SCOTUS Decides Viking River: California’s PAGA is Partially Preempted by the FAA
Posted on Categories Arbitration Agreements, Business & Employment, Fed Arbitration Act, Preemption, SCOTUSTags , , , , ,

By George H. Friedman, SAA Publisher & Editor-in-Chief

In the second arbitration-related decision of the week, the Court on June 15 held 8-1 in Viking River Cruises, Inc. v. Moriana, No. 20-1573, that California’s Private Attorney General Act (“PAGA”) was in part preempted by the Federal Arbitration Act (“FAA”), insofar as PAGA allowed employees to evade bilateral predispute arbitration agreements (“PDAA”). The lone dissenter was Justice Thomas, who held to his long-standing view that the FAA does not apply in state courts.

The Opinion at first blush seems murky, starting out with:

“ALITO, J., delivered the opinion of the Court, in which BREYER, SOTOMAYOR, KAGAN, and GORSUCH, JJ., joined, in which ROBERTS, C. J., joined as to Parts I and III, and in which KAVANAUGH and BARRETT, JJ., joined as to Part III. SOTOMAYOR, J., filed a concurring opinion. BARRETT, J., filed an opinion concurring in part and concurring in the judgment, in which KAVANAUGH, J., joined, and in which ROBERTS, C. J, joined as to all but the footnote. THOMAS, J., filed a dissenting opinion.”

We’ll help readers grasp the core holdings (it’s not as confusing as it first seems), but we encourage readers to read the Opinion and peruse some of the many excellent commentaries and analyses.

Case Below: The Extent of the FAA Preemption of State Laws

We reported in December 2021 that the Supreme Court had granted Certiorari in four cases involving arbitration, among them Viking River. Specifically, the Court agreed to review of Moriana v. Viking River Cruises, Inc., No. B297327 (Cal. Ct. App. 2020), pet. for review den., No. S265257 (Cal. 2020). We covered this case in detail in SAA 2021-47 (Dec. 16) and in a feature article, After a Lull in 2021, a Busy Year Ahead Arbitration-wise for SCOTUS, 2021:48 Sec. Arb. Alert 1 (Dec. 23, 2021). To review, we have reported many times on Iskanian v. CLS Transportation Los Angeles, LLC, 59 Cal.4th 348, 327 P.3d 129 (Calif. 2014), Cert. den., 135 S.Ct. 1155 (2015), where a divided 4-3 California Supreme Court – complete with partial concurrences and dissents – held that an employee could pursue claims against their employer under the California Private Attorneys General Act (“PAGA”), despite the existence of an arbitration agreement waiving such claims (see, for example, SAA 2015-01 and SAAs 2014-41 & -24). But did the U.S. Supreme Court’s subsequent decision in Epic Systems Corp. v. Lewis, 138 S.Ct. 1612 (2018), holding that class or collective action waivers are enforceable under the FAA, implicitly overrule Iskanian? In the case below, the Court of Appeal held:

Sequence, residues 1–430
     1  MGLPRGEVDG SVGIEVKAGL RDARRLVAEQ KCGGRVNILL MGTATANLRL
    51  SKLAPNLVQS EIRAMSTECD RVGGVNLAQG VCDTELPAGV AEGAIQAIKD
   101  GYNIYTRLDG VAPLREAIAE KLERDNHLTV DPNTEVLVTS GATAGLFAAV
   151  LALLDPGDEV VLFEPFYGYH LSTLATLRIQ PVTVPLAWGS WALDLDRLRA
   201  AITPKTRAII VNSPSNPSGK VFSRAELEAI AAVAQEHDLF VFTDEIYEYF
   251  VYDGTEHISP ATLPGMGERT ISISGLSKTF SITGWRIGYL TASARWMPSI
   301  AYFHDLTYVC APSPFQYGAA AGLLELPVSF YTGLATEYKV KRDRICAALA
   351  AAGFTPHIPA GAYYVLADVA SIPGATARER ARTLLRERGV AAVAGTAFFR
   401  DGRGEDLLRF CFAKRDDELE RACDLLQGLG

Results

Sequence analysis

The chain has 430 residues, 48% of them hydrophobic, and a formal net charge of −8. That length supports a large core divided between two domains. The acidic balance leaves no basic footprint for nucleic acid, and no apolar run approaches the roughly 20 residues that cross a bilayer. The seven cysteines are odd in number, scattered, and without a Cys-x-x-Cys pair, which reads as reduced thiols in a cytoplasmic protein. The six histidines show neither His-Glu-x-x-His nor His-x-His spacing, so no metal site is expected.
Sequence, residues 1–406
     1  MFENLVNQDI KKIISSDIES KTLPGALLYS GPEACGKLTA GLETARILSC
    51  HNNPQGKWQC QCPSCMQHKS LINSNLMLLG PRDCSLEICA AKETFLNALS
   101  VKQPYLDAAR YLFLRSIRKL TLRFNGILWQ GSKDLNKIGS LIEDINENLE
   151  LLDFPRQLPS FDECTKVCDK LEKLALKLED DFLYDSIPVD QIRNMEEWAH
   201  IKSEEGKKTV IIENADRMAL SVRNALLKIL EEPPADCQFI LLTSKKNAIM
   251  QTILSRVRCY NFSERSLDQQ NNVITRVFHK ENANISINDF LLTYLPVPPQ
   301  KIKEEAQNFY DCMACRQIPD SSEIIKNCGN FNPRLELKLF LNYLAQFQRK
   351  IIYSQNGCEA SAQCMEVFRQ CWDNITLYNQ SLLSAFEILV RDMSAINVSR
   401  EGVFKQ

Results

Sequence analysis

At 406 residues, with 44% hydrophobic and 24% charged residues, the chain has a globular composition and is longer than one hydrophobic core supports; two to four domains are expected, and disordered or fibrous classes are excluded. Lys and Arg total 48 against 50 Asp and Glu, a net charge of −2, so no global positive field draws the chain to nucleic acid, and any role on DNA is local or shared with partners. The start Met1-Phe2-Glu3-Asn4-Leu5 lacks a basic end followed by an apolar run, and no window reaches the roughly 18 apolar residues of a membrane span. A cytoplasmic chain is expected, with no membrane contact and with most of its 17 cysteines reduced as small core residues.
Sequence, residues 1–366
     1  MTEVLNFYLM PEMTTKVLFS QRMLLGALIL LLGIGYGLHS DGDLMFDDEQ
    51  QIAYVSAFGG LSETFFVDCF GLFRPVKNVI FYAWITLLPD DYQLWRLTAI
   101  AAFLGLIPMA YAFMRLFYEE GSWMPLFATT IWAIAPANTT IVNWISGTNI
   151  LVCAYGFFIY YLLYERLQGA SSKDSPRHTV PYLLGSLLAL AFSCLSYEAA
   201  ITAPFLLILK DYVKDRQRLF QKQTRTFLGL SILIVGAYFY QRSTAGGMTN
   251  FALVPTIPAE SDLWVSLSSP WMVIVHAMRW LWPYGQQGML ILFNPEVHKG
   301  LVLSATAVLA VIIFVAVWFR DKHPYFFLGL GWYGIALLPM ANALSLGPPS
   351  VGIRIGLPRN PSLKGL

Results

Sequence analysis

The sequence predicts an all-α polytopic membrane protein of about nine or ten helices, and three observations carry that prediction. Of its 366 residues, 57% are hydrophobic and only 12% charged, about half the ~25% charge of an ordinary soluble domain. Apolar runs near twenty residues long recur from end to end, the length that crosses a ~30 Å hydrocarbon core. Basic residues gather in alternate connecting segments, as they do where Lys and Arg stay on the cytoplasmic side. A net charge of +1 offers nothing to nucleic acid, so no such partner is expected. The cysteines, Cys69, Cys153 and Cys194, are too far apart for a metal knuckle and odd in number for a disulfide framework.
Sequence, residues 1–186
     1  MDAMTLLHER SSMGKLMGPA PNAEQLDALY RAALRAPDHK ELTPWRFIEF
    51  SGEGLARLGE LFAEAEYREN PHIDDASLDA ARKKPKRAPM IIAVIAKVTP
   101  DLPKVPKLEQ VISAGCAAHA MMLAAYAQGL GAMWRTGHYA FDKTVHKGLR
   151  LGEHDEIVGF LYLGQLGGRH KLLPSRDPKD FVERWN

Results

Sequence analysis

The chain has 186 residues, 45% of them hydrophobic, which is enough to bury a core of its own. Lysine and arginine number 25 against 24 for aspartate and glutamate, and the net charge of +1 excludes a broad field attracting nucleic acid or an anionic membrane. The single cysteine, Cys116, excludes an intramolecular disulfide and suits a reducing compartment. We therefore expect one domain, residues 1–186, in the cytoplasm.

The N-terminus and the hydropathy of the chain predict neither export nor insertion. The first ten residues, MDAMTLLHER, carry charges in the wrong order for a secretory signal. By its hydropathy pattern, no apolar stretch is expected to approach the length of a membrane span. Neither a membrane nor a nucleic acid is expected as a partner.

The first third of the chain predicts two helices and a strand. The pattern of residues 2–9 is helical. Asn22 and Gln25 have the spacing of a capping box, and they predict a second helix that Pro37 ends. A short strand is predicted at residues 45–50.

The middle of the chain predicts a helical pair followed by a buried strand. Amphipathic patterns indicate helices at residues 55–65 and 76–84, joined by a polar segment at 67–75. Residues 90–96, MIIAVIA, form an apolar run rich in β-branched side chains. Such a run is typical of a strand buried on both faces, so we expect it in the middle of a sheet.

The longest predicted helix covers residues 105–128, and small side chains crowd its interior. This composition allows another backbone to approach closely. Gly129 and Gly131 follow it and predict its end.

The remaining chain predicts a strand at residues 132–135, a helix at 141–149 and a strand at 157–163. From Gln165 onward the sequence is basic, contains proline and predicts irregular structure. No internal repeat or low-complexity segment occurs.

“…. Epic’s warning about impermissible devices to get around otherwise valid agreements to individually arbitrate claims notwithstanding, Iskanian remains good law. We therefore reject Viking's characterization of PAGA claims as a transparent device to preclude individualized arbitration proceedings and follow Iskanian, which instead viewed predispute PAGA waivers precluding PAGA actions in any forum as attempts to exempt employers from responsibility for violations of the Labor Code” (footnote omitted).

Issue Before SCOTUS

The May 2021 Petition in Viking River asked: “Whether the Federal Arbitration Act requires enforcement of a bilateral arbitration agreement providing that an employee cannot raise representative claims, including under PAGA.”

The Oral Argument